NEC News, 22 September 2009

I’ll circulate a full report of today’s meeting after conference, but just a couple of items of urgent business:

First, the NEC accepted the organisation committee’s recommendation that Bury North, Stretford & Urmston, Wirral South, North-West Durham, Newcastle North and Sittingbourne & Sheppey will select candidates from all-women shortlists, while Carlisle, Darlington, Hyndburn, Luton South, Pudsey and Norwich North will have open selections. Burnley was referred back to the organisation committee, where it will be considered together with Warrington South, Makerfield and Wigan. The last two have higher majorities, and the NEC is keen to increase the proportion of women MPs, rather than just women candidates. Improving black and minority ethnic representation must also be taken into account.

I will do everything I can to speed up selections in constituencies who do not yet have a decision on all-women shortlists or a timetable, and for any further vacancies which arise before the election.

Second, conference will discuss a rule change which would elect the constituency national policy forum (NPF) representatives by one-member-one-vote, instead of by conference delegates. The NEC position is currently to ask the movers to remit (withdraw) it for further consideration, or it will be opposed. However the reason for voting it through this year is that the next NPF elections could then be run at the same time as the 2010 NEC elections at minimal extra cost.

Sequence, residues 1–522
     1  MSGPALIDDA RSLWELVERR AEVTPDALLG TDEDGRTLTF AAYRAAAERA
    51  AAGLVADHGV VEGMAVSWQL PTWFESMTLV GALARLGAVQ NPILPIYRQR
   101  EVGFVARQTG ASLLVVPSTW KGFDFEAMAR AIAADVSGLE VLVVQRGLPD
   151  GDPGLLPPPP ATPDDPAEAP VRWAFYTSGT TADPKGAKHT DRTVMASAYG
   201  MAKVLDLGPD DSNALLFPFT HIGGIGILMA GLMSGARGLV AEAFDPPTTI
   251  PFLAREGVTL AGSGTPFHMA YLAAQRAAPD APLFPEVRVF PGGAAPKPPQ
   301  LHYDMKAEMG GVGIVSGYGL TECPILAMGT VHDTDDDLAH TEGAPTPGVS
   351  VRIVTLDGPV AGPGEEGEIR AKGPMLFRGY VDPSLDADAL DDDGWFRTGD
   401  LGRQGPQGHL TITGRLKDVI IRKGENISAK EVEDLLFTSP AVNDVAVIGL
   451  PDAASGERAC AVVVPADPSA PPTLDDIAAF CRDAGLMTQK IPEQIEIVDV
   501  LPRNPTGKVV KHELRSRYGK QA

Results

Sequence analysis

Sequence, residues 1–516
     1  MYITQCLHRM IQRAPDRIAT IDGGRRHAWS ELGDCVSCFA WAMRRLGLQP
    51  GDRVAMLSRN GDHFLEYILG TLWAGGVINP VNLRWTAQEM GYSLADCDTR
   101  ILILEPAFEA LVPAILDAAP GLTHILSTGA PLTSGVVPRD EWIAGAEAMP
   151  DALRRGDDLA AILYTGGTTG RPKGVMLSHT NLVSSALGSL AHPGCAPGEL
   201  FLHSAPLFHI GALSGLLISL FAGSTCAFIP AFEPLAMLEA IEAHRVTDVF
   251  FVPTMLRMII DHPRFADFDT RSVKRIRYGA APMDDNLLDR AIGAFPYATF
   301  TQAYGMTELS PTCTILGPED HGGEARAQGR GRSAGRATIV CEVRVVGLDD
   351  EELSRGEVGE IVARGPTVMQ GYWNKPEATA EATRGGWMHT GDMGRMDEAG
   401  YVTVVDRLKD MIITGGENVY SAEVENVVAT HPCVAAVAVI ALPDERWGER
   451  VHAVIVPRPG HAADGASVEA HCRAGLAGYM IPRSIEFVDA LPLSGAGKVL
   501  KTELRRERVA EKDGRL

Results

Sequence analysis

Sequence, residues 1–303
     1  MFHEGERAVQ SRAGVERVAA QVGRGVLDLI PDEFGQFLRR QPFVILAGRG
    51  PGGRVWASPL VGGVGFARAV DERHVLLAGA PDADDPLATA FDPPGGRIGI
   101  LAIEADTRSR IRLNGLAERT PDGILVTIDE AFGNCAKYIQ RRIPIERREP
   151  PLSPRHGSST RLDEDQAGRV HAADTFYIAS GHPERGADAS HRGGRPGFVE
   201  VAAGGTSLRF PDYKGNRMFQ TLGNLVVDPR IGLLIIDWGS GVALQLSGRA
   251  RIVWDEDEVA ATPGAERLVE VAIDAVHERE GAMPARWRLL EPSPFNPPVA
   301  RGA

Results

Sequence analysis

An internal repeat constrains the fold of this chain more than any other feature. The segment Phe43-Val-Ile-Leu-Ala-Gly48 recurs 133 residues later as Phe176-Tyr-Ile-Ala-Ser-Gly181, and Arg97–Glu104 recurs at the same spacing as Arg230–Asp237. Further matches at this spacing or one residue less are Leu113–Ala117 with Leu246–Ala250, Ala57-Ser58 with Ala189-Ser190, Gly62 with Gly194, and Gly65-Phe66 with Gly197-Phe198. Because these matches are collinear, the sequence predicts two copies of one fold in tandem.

My personal view is that one-member-one-vote is a cornerstone of the modern Labour party. For the national policy forum it would give a voice to the 20% of constituencies who do not send delegates to conference, and create a more direct relationship between members and their representatives. When I visit local parties, most cannot name the NPF members who have spoken on their behalf for the last twelve years.

The change would not take the party back to the bad old days of internal strife, as some have suggested. That has not happened on the NEC, where I and my colleagues are elected by one-member-one-vote, nor in Scotland, where their policy forum is already elected through an all-member ballot. Indeed, one-member-one-vote was introduced in the 1990s to increase the diversity of political views, and to prevent dominance by any faction. That principle still holds good.  At a time when some are contemplating primaries to broaden engagement in selection processes, it seems perverse and anti-democratic to restrict engagement within our own organisation

As always there will be arguments for and against, and delegates will have the final say. I hope that before the vote, they will confer with their local parties, and act in accordance with their wishes.

Ann Black, NEC constituency representative